We cover the modest gains made at the Biden-Putin meeting and 600,000 deaths from Covid-19 in the United States.
Biden and Putin didn’t find much common ground
President Biden called his meeting with President Vladimir Putin in Geneva “positive” and the Russian leader said the talks were “constructive”, but it was clear that on issues ranging from cyber attacks to human rights, they remain deeply divided.
Among the results were agreements to open US-Russian talks on cybersecurity and arms control and on the return of ambassadors to their posts in Moscow and Washington. Here are the latest updates.
Cyber security concerns: Putin has denied Russia’s responsibility for the upsurge in cyberattacks against US institutions and rebuffed US criticism of human rights violations. Biden said he gave the Russian leader a list of 16 examples of “critical infrastructure” that were “off limits” to cyber attacks, and said he made it clear that if they are attacked, “we have cyber capabilities. important ”and we will respond“ cybernetically ”.
Impressions: “I did what I came to do,” Biden said after the summit. Speaking at a separate press conference, Putin said: “I think in this situation there cannot be any kind of family trust. But I think we saw some glimmers.
600,000 deaths due to Covid in the United States
The United States has reached 600,000 dead from Covid-19, a once unthinkable number and the largest death toll in the world.
Despite the grim milestone, virus cases and deaths in the United States have declined sharply in recent months as vaccines have been widely distributed. Many people have lost their masks and returned to pre-pandemic lives, including new York and California, both of which have fully reopened this week.
Some 53 percent of the total United States population received at least one dose of the vaccine, well above global averages. But no country came out of the woods until more of the world was vaccinated, experts say. the The Delta variant is gaining momentum and has been labeled a variant of concern by the Centers for Disease Control and Prevention.
A disturbing outbreak in Gaza
International mediators rushed Wednesday to calm tensions between Israel and Hamas, hoping negotiate a longer term truce after an outbreak of hostilities overnight.
Israel said it carried out airstrikes in the Gaza Strip in response to incendiary balloons sent into southern Israel by Hamas, the militant group that controls the territory. The exchange was the first since an 11-day air war between the two sides last month.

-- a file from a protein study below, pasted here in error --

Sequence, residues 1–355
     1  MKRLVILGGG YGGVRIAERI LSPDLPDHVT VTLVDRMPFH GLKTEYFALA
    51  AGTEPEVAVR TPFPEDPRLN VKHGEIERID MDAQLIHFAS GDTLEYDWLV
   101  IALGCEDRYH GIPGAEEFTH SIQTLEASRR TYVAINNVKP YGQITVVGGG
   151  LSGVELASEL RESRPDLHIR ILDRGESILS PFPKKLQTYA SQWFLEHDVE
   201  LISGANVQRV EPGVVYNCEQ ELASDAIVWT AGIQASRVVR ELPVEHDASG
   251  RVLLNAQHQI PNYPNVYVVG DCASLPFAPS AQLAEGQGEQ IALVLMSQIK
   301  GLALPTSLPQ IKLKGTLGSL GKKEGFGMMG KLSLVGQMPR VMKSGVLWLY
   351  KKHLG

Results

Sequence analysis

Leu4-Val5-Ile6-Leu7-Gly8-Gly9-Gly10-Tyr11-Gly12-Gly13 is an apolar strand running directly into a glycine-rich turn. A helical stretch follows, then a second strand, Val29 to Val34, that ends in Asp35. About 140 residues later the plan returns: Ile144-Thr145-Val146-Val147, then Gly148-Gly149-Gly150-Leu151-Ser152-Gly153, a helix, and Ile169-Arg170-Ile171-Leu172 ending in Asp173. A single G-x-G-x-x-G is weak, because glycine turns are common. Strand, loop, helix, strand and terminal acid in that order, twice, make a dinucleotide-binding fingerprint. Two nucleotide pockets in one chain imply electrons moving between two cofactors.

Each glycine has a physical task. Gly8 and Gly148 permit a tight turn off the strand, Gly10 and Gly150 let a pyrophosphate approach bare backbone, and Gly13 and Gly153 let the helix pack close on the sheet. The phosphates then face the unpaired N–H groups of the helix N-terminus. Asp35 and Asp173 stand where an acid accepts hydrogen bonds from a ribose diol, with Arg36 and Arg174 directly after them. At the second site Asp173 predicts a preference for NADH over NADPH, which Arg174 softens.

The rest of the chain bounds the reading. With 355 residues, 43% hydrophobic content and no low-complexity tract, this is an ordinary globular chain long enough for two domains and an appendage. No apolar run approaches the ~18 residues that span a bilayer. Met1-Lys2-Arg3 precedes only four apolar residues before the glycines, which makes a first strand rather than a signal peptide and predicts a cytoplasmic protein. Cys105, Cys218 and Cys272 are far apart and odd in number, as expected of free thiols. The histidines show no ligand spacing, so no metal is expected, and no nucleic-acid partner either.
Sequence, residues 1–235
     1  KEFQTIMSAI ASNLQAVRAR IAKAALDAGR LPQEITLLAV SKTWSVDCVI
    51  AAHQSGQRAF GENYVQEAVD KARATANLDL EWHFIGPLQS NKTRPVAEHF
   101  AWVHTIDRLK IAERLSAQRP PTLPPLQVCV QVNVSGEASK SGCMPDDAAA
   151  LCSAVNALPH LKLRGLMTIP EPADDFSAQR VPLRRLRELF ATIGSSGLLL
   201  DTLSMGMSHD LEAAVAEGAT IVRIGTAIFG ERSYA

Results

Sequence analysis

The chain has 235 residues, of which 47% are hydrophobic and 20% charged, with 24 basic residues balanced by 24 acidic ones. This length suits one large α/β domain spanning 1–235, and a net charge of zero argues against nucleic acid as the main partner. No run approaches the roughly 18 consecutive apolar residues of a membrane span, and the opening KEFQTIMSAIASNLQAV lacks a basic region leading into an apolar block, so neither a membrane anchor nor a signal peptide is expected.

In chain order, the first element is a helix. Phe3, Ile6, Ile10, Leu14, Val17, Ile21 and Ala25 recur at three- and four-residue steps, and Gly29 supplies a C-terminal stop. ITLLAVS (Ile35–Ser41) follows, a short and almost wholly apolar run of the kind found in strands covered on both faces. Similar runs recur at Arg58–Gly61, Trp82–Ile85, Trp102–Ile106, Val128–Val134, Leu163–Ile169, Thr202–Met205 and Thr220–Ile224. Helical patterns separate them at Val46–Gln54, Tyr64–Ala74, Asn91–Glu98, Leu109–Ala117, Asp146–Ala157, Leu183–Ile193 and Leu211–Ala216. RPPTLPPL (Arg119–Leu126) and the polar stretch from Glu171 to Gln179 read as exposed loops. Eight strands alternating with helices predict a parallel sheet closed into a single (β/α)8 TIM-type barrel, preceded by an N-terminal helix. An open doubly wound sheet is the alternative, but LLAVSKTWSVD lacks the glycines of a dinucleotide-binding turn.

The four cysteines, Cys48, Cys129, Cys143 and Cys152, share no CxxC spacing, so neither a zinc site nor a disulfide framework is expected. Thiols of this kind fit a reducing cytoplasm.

Although no casualties were reported, the violence was a first test of Israel’s new coalition government just three days after taking office. His first major move was to allow a provocative far-right Jewish march in Palestinian areas of Jerusalem on Tuesday, despite threats from Hamas to retaliate.
His father disappeared when he was 7, and for decades he has been the great mystery of his life. Times reporter Nicholas Casey wrote on the a long process of finding his father. “I spent a large part of my life imagining who I was – and then becoming that person – through vague clues about who my father was,” he writes.
ARTS AND IDEAS
From the outside, Amazon appeared to be a rare pandemic achievement; the company increased its workforce, broke shipping records, and earned much more revenue than it had ever had before. But like our colleagues reported this week, the storekeepers quietly paid a price. Shira Ovide, who writes the On Tech newsletter, spoke to reporter Karen Weise about the investigation.
You found out that Amazon needs to replace more than the equivalent of its entire hourly workforce in a single year. It is breathtaking. Is Amazon pushing them back or giving up?
Both. Amazon hire so many people, often with no face-to-face interviews and little oversight, and it loses a significant number of workers within the first two weeks of being hired. We have heard of people leaving during their lunch break on their first day of orientation. This creates a tremendous amount of turnover and some chaos in the workplace.
Is the high staff turnover rate intentional?
David Niekerk, a former vice president of Amazon who built the warehouse’s human resources operations, said Jeff Bezos didn’t want long tenures for hourly employees. Company data showed employees were less engaged over time, and Amazon wanted people who would push them to go above and beyond.
Maybe Amazon doesn’t want so many people leaving every year, but changing that isn’t the # 1 priority either. Amazon employs so many people that I have heard many Amazon executives or Seattle business leaders describe the lingering fear that the company might run out of Americans to hire.